printed work. Unlike bleed, the slug area is not printed at all, as it is intended to provide space for notes to the printer. Occasionally slugs are printed to allow an area for notes about changes or ﬁnal sign-oﬀ on a proof.
ﬂaws, predict results when printing, or record how a print job is intended to appear when ﬁnished. There are many more speciﬁc words for proofs like “blueline” or “composite proof” which may show diﬀerent stages of printing or indicate the type of print technology or material.
increment • when you see or don’t see them based on zoom (“view threshold”) • whether grids appear behind images or on top • whether you want the grid only within the margins or across the whole spread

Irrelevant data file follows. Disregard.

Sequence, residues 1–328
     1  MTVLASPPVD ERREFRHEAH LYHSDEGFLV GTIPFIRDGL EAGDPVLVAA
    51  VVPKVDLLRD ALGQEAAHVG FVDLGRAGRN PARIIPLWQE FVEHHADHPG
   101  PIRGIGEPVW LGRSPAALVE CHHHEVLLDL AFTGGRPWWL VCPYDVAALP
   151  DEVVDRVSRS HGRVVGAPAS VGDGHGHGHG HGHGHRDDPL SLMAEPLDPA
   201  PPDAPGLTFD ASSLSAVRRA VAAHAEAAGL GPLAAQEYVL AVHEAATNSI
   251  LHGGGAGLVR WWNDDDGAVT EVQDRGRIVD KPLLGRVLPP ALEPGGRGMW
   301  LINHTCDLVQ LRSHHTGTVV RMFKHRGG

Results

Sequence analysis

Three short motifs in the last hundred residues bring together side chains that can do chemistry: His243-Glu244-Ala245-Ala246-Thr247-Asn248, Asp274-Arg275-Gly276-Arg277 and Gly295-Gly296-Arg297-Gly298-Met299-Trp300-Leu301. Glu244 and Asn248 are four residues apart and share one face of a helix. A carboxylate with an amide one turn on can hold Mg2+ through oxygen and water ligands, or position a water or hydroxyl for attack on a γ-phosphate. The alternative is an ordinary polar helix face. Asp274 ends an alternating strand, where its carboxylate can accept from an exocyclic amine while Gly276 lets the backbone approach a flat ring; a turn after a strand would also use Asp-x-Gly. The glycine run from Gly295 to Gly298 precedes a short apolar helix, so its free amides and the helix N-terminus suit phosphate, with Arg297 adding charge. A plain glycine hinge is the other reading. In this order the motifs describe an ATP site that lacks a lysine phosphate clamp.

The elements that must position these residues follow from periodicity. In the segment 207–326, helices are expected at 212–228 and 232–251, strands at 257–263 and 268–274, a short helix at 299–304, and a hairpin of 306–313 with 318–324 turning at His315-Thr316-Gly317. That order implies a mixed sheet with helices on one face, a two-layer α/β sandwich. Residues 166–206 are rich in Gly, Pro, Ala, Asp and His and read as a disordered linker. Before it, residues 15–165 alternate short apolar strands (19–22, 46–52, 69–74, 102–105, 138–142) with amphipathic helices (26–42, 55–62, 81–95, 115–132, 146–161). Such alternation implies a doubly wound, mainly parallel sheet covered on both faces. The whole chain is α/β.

on your system that you’ve used to create your design. For someone else to see your work, they will need the same image ﬁles, fonts, and any other assets you’ve used (unlike other programs like PowerPoint). Fortunately, there’s a feature called Packaging that helps with this.
your work in InDesign with a collaborator who will also make edits or work on the design. This is diﬀerent than exporting, which you will do to create a ﬁle that’s ready for sharing with someone who doesn’t have InDesign, or for printing.
to do with the ﬁle, how you are going to bind a book, etc. Imposition (changing page order so folios can be folded) may be required, or perhaps you just want to email someone a PDF or print a proof from your home printer.